Though the statistics vary a bit by study and by gender, most married Americans are monogamous, or at least they expect monogamy from their spouses. Many of us get downright irate about its importance. Some people threaten violence or even murder should their spouses have sex with someone else … and they mean it. Some say nothing but quietly plot the general havoc they would wreak if their partners should cheat – everything from running their partner’s name through the mud, to taking them to the cleaners in court. Some would just feel hurt but not seek retribution, and others don’t expect fidelity at all in their relationships. Either way, it’s probably safe to say that most of us have given the issue some thought and feel pretty strongly about it one way or the other. And considering the emotional, financial and even bodily damage that infidelity can bring about, it’s worth discussing your thoughts with your mate.
Even if you don’t think either of you would ever stray, it’s important to get some clarity about what would happen. After all, there are probably some things that you never thought you’d do – until you did. If monogamy is an expectation – either explicit or implicit – in your relationship, consider putting an actual penalty on the “violation.”
It is said that marriage is a contract, and many contracts have expectations and penalties. So, get the monogamy conversation popping by adding a dollar figure or a substantial penalty to it. Whether or not you make it official or enforce it is up to you, and is ultimately irrelevant. The point is simply to gain a clear understanding of how much value each of you places on fidelity, which is good information to have.
So, what would you consider a fair penalty if your partner had sex with someone other than you? Maybe $1,000 per month for 10 years, not including any alimony or child support that might also be issued? Or perhaps a greater financial responsibility where your children are concerned? In response to this question, a buddy of mine said that he would want his partner to pay for babysitting until their children were grown – at his discretion.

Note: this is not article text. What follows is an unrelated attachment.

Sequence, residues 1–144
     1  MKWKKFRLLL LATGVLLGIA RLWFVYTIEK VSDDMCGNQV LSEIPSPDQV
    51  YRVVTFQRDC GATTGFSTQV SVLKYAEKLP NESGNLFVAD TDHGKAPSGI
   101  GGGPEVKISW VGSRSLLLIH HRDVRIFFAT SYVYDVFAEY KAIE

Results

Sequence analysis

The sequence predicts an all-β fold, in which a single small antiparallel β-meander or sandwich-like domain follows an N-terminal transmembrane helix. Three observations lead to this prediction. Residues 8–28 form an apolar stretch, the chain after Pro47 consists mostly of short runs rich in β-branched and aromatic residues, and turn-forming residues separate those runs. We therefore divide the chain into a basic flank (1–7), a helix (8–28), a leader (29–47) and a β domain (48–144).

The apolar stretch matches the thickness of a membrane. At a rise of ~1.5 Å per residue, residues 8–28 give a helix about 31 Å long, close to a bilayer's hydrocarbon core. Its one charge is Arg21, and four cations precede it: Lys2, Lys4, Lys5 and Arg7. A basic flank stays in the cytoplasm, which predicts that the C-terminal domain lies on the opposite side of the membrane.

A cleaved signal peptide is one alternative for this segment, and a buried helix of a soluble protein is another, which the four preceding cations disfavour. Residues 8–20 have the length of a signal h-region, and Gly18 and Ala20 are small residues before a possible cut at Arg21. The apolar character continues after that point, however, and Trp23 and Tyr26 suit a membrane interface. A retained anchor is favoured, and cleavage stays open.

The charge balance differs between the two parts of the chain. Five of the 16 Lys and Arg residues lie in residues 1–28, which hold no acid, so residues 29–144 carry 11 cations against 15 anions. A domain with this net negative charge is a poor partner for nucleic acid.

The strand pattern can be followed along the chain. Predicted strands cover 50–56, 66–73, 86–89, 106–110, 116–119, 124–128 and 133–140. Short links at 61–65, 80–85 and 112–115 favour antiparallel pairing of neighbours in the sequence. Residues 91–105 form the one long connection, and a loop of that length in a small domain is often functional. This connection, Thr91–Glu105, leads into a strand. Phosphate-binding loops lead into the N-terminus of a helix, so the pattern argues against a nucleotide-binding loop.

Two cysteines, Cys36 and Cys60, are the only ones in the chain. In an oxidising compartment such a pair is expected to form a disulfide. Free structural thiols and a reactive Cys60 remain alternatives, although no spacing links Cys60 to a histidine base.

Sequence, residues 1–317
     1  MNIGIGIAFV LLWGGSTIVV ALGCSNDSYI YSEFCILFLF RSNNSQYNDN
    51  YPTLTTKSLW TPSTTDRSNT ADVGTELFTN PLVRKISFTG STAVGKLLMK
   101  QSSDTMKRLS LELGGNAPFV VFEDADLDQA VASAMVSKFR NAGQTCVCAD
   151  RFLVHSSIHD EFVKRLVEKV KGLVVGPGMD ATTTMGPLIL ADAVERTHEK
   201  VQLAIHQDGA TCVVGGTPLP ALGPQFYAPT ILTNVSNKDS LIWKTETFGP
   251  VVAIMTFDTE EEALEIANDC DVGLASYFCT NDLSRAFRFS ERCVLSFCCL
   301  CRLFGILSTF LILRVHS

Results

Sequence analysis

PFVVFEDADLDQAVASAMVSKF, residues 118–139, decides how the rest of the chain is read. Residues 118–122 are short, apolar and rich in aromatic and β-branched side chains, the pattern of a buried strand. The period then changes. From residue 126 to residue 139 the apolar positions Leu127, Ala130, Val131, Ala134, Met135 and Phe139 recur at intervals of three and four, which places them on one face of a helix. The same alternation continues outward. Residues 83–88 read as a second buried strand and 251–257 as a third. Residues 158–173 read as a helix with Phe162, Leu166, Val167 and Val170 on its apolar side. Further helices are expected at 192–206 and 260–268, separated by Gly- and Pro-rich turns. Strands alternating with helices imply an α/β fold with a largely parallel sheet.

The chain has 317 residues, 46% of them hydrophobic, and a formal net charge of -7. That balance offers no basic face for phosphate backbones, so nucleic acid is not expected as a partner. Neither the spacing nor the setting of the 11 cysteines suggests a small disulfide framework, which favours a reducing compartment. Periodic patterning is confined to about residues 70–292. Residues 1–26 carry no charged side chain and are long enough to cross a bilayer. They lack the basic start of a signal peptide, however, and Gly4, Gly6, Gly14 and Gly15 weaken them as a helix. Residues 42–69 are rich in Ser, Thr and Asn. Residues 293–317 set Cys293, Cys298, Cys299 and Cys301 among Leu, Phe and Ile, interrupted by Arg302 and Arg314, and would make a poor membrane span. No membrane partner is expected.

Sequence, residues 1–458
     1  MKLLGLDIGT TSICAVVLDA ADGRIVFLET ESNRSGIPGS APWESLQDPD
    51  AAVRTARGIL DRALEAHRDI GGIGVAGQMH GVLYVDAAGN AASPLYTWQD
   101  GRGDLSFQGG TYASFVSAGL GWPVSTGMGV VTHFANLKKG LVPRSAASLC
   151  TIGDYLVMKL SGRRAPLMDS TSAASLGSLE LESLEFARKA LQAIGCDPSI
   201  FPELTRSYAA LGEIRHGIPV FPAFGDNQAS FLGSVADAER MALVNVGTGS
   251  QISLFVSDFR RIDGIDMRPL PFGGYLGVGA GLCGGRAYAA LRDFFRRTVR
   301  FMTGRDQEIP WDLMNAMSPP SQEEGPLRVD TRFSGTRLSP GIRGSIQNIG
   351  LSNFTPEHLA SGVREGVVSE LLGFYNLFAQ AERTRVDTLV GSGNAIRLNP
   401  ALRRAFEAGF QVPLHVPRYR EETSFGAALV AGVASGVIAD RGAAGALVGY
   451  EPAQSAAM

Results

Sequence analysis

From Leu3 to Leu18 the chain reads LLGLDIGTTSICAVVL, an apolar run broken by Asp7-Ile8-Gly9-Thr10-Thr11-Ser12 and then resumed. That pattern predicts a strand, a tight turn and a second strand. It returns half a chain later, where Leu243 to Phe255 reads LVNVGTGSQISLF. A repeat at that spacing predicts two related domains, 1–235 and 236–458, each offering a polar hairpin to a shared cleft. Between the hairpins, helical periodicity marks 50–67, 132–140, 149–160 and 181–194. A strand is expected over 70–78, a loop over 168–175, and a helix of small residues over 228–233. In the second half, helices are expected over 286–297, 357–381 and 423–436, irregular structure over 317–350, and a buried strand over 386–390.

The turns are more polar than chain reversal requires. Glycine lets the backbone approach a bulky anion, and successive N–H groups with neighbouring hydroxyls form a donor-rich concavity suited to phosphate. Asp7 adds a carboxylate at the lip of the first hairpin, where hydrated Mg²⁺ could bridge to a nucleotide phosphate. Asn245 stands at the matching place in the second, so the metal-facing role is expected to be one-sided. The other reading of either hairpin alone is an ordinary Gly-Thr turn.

By proposing a penalty to our mates, we get the opportunity to gauge how strongly they feel about fidelity. Your partner might agree to your terms, argue for a lighter or stricture punishment, or state an unwillingness to pay anything because he/she considers it an unfair expectation. Either way, adding a financial incentive to the equation can breathe a new form of candor into the discussion.
Are you ready for the results? Eliminate the quiet seriousness of the issue. How much does it mean to you? How much would you be willing to pay for an indiscretion? Clarity, all the way around, can be a Powerful thing.
And if you think your relationship is too sacred to discuss in terms of money, stay tuned. That’s next week’s topic.
PS: To become a Frank Love sponsor you can make a one-time contribution or contribute monthly by clicking on the amount you’d like to donate each month: $1, $2, $5, $10, $20, $35, $50, $75, $100, $200 or $500.